3. Lime Flour. High rainfall and a clay base inclines my soil towards acidity. I use lime flour to keep my soil sweet which frees up minerals to do their thing and ensures a bountiful soil life. The finer the lime the faster the impact. Wood ash is an excellent alternative. Only use dolomite if a soil test declares your soil magnesium deficient. It’s takes a while for lime to make an impact, so add it 3 – 6 months before the target crop.  For example I add the lime for my Brassicas’ when I sow the legume greencrop that goes in before them.

A bit about pH and a DIY pH Test

For the home vegetable garden a pH of 6 – 7 is the goal because this suits most of the crops we want to grow.  The scale goes from 0 – 14. 0 being the most acidic, 7 neutral, after that alkaline. pH is important because no matter how mineral rich your soil if your pH is out of whack then the goodness isn’t being shared. Also because plants all have their own preference. You’ll find lists on-line of which vegies prefer acid conditions and which alkaline. Take them with a grain of salt – most will happily adapt over a range. Potatoes for instance prefer to grow in soil with pH of about 5, but they’ll adapt up to about 6. Though it seems small, the difference between each number is significant – 10 times in fact.  5, for instance, is 10 times more acid than 6. See how adaptable plants are! Blueberries are the one crop I’d test for properly – they need a pH of about 4.5, without which they wont flourish. (This being the reason I don’t grow them)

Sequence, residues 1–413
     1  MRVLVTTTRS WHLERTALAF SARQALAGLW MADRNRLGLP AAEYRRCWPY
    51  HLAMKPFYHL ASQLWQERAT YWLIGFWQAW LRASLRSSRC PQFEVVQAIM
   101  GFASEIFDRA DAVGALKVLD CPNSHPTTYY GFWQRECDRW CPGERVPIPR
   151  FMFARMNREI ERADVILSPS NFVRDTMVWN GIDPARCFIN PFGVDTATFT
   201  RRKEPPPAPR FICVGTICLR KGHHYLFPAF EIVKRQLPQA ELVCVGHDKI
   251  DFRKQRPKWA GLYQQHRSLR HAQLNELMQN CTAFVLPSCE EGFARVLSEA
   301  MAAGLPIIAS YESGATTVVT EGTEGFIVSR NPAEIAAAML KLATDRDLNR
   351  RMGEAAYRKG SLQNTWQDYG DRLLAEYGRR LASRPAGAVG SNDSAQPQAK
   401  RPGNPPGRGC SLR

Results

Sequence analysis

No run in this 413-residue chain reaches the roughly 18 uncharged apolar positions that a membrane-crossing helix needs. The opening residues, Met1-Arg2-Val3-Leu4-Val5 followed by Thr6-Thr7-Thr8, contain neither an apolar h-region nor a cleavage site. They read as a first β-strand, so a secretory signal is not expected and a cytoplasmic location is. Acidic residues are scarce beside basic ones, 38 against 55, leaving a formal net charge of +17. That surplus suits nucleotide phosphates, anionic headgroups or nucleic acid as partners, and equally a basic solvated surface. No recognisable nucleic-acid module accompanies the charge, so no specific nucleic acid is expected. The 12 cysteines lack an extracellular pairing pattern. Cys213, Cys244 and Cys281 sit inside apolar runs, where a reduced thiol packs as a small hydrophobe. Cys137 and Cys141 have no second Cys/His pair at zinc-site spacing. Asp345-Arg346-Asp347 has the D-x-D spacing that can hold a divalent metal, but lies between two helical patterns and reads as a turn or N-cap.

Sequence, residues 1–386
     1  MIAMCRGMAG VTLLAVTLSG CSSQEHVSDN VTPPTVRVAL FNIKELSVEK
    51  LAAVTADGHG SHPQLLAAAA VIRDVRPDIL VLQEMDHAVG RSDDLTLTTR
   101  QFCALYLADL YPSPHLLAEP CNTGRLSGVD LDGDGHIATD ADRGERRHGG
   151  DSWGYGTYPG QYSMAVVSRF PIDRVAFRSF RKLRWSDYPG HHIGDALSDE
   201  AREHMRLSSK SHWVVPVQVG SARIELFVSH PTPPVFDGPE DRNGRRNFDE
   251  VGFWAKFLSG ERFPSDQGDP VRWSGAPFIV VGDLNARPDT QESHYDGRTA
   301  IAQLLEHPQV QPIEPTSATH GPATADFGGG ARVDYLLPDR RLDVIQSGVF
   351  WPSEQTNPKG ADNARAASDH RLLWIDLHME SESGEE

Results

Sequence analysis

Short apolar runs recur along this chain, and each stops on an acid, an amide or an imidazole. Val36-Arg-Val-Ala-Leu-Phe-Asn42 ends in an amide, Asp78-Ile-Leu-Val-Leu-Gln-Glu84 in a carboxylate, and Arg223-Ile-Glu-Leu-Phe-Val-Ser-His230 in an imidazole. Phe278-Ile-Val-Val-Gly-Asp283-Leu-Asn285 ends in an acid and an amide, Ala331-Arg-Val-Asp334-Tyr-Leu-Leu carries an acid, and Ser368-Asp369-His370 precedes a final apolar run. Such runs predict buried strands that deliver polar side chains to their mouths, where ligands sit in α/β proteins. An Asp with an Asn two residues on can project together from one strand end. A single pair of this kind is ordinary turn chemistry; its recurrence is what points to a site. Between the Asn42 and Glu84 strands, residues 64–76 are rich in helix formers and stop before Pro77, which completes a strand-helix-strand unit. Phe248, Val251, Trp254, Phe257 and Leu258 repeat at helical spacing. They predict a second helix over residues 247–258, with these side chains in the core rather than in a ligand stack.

A pH test kit will set you back about $30.00, and a meter about $50. These tests are easy to use and tell you exactly where you’re at on the scale. If you are happy without a number, if a general idea satisfies then DIY like this: